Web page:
• Born in 1773, William Harrison grew up as the youngest of seven children during the Revolutionary War.
• Harrison’s family was part of Virginia’s elite, friendly with George Washington. Benjamin Harrison, William’s father, served three terms as Virginia’s governor and signed the Declaration of Independence.
• William Harrison knew by age 18 that he wanted to pursue a military career, and quickly rose through the ranks serving in the Northwest Territory. When, under President John Adams, the territory was split into the Ohio and Indiana Territories, Harrison was named governor of the Indiana Territory.
• As governor Harrison negotiated unfair land deals with Native Americans, leading to the Battle of Tippecanoe. Harrison’s success there resulted in his commanding a force during the War of 1812, after which he resigned from the Army.
• Harrison had a varied political career after that, serving in the House of Representatives, the Ohio State Senate and, eventually, the United States Senate. He was also named an ambassador to Colombia under John Quincy Adams.
• After losing in the 1836 presidential election, Harrison was a candidate again in 1840. His military career was highlighted in the campaign, and “Tippecanoe and Tyler Too,” referring to Harrison and his running mate, John Tyler, was the first presidential campaign slogan.
How he defined the office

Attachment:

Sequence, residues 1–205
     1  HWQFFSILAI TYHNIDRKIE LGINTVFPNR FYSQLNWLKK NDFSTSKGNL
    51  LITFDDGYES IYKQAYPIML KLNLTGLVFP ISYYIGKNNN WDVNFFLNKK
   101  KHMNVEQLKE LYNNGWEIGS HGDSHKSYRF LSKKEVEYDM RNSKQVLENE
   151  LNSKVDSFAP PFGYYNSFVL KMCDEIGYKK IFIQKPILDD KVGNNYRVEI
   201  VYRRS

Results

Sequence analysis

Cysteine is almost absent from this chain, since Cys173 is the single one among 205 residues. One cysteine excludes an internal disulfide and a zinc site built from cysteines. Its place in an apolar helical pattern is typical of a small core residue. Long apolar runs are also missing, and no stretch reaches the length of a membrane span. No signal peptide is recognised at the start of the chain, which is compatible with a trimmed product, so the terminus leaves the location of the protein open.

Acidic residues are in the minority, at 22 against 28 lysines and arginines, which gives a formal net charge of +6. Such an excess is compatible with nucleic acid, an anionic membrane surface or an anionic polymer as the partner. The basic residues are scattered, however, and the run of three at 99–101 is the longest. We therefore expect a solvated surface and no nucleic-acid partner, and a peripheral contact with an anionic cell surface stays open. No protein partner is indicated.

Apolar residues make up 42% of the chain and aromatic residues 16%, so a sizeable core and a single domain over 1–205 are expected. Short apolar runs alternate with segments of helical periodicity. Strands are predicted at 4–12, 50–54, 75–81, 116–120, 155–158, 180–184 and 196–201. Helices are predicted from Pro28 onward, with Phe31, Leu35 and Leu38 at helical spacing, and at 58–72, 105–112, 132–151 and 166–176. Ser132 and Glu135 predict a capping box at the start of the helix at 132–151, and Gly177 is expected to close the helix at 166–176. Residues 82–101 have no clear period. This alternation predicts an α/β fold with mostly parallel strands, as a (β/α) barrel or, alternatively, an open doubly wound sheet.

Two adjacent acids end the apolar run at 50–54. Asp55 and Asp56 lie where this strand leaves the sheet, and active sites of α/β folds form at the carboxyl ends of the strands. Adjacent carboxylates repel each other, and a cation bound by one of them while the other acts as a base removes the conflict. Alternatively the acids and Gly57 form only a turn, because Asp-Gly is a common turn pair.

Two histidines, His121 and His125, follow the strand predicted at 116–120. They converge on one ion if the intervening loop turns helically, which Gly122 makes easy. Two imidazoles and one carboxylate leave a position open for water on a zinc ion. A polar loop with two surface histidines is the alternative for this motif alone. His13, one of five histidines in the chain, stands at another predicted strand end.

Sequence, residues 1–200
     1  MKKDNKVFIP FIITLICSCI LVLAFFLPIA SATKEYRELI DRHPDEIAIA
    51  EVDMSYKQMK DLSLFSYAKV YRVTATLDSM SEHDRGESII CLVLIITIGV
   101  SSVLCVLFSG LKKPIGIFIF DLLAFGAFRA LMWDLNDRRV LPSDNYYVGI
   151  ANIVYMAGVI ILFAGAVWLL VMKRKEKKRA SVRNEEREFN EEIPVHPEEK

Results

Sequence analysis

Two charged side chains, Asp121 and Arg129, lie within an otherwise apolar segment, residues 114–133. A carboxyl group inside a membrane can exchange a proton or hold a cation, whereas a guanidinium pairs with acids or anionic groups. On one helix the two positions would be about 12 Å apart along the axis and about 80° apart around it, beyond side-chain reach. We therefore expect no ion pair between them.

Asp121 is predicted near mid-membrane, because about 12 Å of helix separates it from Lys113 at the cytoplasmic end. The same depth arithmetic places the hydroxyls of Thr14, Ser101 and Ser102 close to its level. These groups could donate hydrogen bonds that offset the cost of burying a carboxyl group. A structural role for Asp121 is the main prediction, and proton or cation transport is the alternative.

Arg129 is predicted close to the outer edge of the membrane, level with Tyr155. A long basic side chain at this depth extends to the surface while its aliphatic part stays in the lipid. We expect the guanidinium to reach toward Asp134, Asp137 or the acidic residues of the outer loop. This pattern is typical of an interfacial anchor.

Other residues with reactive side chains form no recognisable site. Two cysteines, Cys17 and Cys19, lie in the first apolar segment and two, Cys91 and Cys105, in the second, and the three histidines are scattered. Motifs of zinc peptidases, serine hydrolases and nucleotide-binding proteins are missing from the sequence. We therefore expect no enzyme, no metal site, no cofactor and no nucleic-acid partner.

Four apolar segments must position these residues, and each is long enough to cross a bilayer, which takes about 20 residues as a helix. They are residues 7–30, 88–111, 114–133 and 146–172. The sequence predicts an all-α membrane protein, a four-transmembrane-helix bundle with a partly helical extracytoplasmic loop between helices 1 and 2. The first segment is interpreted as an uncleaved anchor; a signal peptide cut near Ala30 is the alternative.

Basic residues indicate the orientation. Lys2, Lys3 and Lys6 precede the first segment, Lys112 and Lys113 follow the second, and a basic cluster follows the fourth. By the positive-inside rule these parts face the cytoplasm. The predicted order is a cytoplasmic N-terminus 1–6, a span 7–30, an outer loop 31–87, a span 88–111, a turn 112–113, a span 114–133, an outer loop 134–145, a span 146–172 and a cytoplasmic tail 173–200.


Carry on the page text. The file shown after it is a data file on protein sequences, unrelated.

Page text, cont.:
• Harrison didn’t have a chance to define the office, dying just 32 days into his presidency. His two-hour-long inaugural address gave some hints as to how he would have served: He promised a limited presidential role, not interfering with what Congress decided. He said a president should not use a veto unless he believed a law Congress passed was unconstitutional. Harrison was a slaveowner who believed the states had the right to decide slavery issues for themselves. In his address he also promised he would not serve a second term as president.
Successes and failures
• Harrison gave his inaugural address wearing no coat or hat on a cold, snowy day. When he attended inaugural receptions in his wet clothing, he developed pneumonia. He died one month after his inauguration, resulting in the shortest presidential term.
• “The attempt of those of one state to control the domestic institutions of another can only result in feelings of distrust and jealousy, the certain harbingers of disunion, violence, and civil war, and the ultimate destruction of our free institutions.”